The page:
The most strange fact, though the most certain in nature, is the unequal development of the human race. If we look back to the early ages of mankind, such as we seem in the faint distance to see them—if we call up the image of those dismal tribes in lake villages, or on wretched beaches—scarcely equal to the commonest material needs, cutting down trees slowly and painfully with stone tools, hardly resisting the attacks of huge, fierce animals—without culture, without leisure, without poetry, almost without thought—destitute of morality, with only a sort of magic for religion; and if we compare that imagined life with the actual life of Europe now, we are overwhelmed at the wide contrast—we can scarcely conceive ourselves to be of the same race as those in the far distance. There used to be a notion—not so much widely asserted as deeply implanted, rather pervadingly latent than commonly apparent in political philosophy—that in a little while, perhaps ten years or so, all human beings might, without extraordinary appliances, be brought to the same level. But now, when we see by the painful history of mankind at what point we began, by what slow toil, what favourable circumstances, what accumulated achievements, civilised man has become at all worthy in any degree so to call himself—when we realise the tedium of history and the painfulness of results—our perceptions are sharpened as to the relative steps of our long and gradual progress. We have in a great community like England crowds of people scarcely more civilised than the majority of two thousand years ago; we have others, even more numerous, such as the best people were a thousand years since. The lower orders, the middle orders, are still, when tried by what is the standard of the educated “ten thousand,” narrow-minded, unintelligent, incurious. It is useless to pile up abstract words. Those who doubt should go out into their kitchens. Let an accomplished man try what seems to him most obvious, most certain, most palpable in intellectual matters, upon the housemaid and the footman, and he will find that what he says seems unintelligible, confused, and erroneous—that his audience think him mad and wild when he is speaking what is in his own sphere of thought the dullest platitude of cautious soberness. Great communities are like great mountains—they have in them the primary, secondary, and tertiary strata of human progress; the characteristics of the lower regions resemble the life of old times rather than the present life of the higher regions. And a philosophy which does not ceaselessly remember, which does not continually obtrude, the palpable differences of the various parts, will be a theory radically false, because it has omitted a capital reality—will be a theory essentially misleading, because it will lead men to expect what does not exist, and not to anticipate that which they will find.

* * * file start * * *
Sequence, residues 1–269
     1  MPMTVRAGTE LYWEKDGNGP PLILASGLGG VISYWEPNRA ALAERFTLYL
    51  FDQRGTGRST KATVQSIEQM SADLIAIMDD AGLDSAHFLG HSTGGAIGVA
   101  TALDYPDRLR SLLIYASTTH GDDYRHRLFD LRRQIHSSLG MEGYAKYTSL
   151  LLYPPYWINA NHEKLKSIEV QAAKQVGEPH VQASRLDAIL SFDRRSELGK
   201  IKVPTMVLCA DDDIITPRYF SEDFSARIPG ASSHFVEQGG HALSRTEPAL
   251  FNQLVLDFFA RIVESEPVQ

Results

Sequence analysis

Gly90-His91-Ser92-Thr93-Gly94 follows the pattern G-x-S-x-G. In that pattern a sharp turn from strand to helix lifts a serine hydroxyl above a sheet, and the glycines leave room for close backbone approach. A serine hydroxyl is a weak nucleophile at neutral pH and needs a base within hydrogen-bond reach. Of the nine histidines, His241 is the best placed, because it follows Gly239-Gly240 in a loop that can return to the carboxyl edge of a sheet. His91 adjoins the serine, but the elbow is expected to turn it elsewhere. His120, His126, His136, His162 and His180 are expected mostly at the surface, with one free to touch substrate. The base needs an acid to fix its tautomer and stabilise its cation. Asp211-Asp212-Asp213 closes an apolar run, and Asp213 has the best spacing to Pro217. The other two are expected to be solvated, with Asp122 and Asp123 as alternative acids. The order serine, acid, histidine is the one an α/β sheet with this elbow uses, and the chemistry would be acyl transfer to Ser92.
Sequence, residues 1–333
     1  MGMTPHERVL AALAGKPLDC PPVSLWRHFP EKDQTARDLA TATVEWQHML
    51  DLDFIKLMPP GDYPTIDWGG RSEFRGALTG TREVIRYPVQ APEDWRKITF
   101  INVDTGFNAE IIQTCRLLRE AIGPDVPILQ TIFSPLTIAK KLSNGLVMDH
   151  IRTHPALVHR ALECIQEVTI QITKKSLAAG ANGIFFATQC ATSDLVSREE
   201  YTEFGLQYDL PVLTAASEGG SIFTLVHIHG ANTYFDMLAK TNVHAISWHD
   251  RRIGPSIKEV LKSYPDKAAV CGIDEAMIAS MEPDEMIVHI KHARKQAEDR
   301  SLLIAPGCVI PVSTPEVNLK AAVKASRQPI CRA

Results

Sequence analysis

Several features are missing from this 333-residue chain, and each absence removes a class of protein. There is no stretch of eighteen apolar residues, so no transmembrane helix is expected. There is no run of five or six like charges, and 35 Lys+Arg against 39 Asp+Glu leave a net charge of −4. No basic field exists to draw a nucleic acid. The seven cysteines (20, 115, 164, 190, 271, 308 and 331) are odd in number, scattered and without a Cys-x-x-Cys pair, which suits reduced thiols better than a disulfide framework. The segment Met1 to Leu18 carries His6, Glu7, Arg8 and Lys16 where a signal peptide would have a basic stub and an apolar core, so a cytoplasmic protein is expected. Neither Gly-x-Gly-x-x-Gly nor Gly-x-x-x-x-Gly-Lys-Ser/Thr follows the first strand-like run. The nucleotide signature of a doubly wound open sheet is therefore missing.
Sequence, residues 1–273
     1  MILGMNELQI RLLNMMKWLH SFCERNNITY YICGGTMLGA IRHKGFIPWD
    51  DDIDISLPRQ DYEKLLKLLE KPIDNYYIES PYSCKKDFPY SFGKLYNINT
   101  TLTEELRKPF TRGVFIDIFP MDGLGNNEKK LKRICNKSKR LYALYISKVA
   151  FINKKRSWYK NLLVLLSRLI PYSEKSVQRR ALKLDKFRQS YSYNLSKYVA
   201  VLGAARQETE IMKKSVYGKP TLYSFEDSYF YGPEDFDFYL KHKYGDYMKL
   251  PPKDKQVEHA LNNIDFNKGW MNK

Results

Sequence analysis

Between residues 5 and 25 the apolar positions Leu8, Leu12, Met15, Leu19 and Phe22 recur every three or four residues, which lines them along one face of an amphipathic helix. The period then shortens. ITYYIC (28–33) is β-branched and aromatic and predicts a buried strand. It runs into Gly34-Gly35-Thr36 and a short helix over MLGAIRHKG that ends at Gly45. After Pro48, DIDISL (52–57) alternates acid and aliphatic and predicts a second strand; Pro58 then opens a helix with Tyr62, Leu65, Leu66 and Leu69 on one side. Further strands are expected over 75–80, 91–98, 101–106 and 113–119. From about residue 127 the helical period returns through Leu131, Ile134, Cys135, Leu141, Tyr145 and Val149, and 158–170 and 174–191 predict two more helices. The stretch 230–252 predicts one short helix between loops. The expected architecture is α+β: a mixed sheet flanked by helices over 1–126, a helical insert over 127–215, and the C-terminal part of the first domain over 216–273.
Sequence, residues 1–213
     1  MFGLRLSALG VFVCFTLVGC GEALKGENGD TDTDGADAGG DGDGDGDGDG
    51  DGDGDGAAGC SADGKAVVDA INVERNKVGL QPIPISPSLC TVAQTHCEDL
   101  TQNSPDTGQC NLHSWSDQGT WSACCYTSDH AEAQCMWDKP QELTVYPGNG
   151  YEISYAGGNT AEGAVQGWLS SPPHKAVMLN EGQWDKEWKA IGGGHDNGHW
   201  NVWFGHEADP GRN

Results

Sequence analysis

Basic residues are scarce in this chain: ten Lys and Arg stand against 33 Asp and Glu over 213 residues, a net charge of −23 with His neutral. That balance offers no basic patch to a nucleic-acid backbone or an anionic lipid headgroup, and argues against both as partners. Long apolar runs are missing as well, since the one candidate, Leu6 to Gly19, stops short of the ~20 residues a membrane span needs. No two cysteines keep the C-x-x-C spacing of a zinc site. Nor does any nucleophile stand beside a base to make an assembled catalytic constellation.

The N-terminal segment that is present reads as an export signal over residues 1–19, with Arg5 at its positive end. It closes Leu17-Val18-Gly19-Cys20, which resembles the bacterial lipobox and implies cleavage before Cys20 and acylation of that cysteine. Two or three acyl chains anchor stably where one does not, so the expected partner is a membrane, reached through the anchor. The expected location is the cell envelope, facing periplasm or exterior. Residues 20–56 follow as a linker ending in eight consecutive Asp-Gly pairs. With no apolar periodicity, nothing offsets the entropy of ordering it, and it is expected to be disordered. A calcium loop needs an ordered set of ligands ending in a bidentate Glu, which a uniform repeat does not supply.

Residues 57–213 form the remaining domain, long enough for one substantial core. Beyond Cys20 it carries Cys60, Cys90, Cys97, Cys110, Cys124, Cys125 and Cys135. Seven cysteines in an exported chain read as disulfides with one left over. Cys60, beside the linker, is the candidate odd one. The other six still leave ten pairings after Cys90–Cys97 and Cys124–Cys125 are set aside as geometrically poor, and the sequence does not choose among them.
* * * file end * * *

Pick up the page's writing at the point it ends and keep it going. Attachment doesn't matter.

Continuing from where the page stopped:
Every one knows these plain facts, but by no means every one has traced their political importance. When a State is constituted thus, it is not true that the lower classes will be wholly absorbed in the useful; on the contrary, they do not like anything so poor. No orator ever made an impression by appealing to men as to their plainest physical wants, except when he could allege that those wants were caused by some one’s tyranny. But thousands have made the greatest impression by appealing to some vague dream of glory, or empire, or nationality. The ruder sort of men—that is, men at one stage of rudeness—will sacrifice all they hope for, all they have, themselves, for what is called an idea—for some attraction which seems to transcend reality, which aspires to elevate men by an interest higher, deeper, wider than that of ordinary life. But this order of men are uninterested in the plain, palpable ends of government; they do not prize them; they do not in the least comprehend how they should be attained. It is very natural, therefore, that the most useful parts of the structure of government should by no means be those which excite the most reverence. The elements which excite the most easy reverence will be the theatrical elements—those which appeal to the senses, which claim to be embodiments of the greatest human ideas, which boast in some cases of far more than human origin. That which is mystic in its claims; that which is occult in its mode of action; that which is brilliant to the eye; that which is seen vividly for a moment, and then is seen no more; that which is hidden and unhidden; that which is specious, and yet interesting, palpable in its seeming, and yet professing to be more than palpable in its results; this, howsoever its form may change, or however we may define it or describe it, is the sort of thing—the only sort—which yet comes home to the mass of men. So far from the dignified parts of a constitution being necessarily the most useful, they are likely, according to outside presumption, to be the least so; for they are likely to be adjusted to the lowest orders—those likely to care least and judge worst about what is useful.